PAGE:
Future JavaScript #1 — Arrow Functions

A series exploring next generation JavaScript syntax

Hey there, I hope you all have a nice and productive week.

Arrow functions are a new addition to the language that is supposed to be an alternative to the traditional functions, in some cases.

They are very simple and powerful, but with great power comes great responsibility, so you should know exactly when to and when not to use them.

In this guide I am going to cover several parts that I think are important for a complete understanding of arrow functions:

  • Syntax
  • What is different (compared to traditional functions)
  • Use cases
  • Rules
  • When to use / When not to use


We all know and used the traditional function syntax a million of times:

function() {}

Let’s see what the new syntax looks like:

() => {}

You might think that it’s not worth using the new syntax, just to get rid of the `function` keyword.

Well, that’s not the only difference, keep reading.

What is different

Arrow functions have different logic compared to traditional ones. They have their advantages and disadvantages, and it’s important to understand them. Otherwise they might be very confusing to use.

Let’s go quickly through some points, to make sure you know the difference.


Don’t rely on them, they are not exposed. It’s not good practice to rely on them anyway. Just use rest parameters (covered in a future guide).


Arrow functions take the context of the surrounding code. It’s inherited from the enclosing scope.

We all know that for traditional functions the context depends on where they are invoked.

For arrow functions the context depends on where they are declared.

call / apply / bind

Since the arrow functions take the surrounding context, these won’t really make a difference. Can still be used to pass parameters, but won’t change the context.


Arrow functions don’t have a `prototype` property.


Arrow functions cannot be used as constructors. For that just use traditional functions, they’re well known and familiar to everyone. Or better yet, use class.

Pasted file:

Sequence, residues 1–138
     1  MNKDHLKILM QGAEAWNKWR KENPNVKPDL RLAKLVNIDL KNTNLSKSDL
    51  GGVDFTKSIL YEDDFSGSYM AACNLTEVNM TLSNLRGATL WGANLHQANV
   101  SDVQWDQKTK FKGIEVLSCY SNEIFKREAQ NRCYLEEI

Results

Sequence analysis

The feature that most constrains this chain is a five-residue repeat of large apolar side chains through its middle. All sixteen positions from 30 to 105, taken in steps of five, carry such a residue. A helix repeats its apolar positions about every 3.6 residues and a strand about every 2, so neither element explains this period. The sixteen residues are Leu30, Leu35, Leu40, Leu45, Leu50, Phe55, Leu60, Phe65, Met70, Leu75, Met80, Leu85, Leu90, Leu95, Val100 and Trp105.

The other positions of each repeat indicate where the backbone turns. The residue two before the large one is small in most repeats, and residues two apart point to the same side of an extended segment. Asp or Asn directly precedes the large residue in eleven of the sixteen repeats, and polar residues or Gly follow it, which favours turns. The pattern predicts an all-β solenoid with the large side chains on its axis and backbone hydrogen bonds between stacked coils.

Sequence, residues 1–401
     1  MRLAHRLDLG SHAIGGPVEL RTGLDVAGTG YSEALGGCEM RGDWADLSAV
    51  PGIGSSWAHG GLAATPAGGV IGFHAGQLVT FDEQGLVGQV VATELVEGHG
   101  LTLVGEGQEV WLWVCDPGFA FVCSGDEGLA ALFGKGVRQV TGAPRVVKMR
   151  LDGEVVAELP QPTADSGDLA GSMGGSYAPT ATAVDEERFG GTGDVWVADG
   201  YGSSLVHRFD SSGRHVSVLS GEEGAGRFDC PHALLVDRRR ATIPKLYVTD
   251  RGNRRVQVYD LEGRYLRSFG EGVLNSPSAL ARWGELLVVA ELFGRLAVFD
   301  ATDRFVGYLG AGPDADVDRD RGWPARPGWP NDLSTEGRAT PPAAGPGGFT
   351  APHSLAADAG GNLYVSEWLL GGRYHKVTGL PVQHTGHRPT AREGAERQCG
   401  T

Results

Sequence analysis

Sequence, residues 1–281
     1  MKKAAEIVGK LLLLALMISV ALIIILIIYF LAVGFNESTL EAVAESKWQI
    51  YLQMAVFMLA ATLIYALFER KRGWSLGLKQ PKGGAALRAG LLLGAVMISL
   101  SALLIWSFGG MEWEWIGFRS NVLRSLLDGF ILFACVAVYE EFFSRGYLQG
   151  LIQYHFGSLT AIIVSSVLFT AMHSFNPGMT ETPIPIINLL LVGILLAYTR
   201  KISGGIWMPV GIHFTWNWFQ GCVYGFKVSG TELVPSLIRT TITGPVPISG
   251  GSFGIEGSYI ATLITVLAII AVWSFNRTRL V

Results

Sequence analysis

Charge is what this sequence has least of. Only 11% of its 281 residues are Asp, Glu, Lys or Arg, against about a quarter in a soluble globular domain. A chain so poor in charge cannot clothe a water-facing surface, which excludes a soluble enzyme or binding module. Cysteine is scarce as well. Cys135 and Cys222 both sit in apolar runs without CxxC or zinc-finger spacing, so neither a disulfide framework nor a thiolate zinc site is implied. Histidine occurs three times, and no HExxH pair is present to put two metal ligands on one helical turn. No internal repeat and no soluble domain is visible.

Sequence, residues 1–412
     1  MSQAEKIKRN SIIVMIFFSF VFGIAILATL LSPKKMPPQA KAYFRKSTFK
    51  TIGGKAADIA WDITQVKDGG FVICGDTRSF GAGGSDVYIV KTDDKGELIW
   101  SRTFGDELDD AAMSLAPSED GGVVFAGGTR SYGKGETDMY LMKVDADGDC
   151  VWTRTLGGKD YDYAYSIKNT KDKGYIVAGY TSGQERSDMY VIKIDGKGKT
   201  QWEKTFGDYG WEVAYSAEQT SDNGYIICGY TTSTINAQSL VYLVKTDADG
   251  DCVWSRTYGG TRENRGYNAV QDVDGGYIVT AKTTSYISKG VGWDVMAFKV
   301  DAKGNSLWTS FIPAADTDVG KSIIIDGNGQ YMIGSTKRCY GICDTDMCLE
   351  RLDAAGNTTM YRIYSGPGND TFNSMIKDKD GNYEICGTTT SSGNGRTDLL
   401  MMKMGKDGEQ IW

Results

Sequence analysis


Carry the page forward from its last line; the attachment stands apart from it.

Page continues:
Can’t be named

You can use arrow functions only as anonymous functions. Or said in a different way, only use as function expressions, not as declarations.

// NO
func() => {}
// YES
const func = () => {};

No hoisting

Since arrow functions can be used only as expressions, there is no hoisting. Meaning that you can use it, only after it has been assigned. On the contrary, traditional function declarations are hoisted and can be used before the actual declaration.

traditional(); // YES
arrow(); // Throws an Exception
function traditional() { console.log("ES"); }
const arrow = () => { console.log("ES"); };

Use cases

Let’s go through some examples on how you can actually use arrow functions. Let’s also see how a traditional function would be used compared to an arrow function, if comparable at all.


Calling a function immediately after declaring it is a good practice for providing scope and not polluting the global object. The same can be achieved with arrow functions.

Just don’t forget to surround it with parenthesis. It looks confusing without ones.

// ES5
(function() {
// ES6
(() => {

// NO
(() => {}());


The shorthand syntax is something you will fall in love with. It’s super conscious and easy to read and saves you some code. Essentially, you skip the parenthesis, and the `function` and `return` keyword.

// ES5
array.map(function(x) { return x * x });
// ES6
array.map(x => x * x);


  • you can skip the return statement only if using them on one line
  • use it only when you have one statement (which will be returned)


Since the arrow function uses the surrounding context it’s safe to use it as a way to bind the function to the context of the class. No more worries when passing it as callback.

class Button {
constructor() {
document.addEventListener("click", this._addClick, false);

clickCounter = 0;
  _addClick = () => {
this.clickCounter += 1;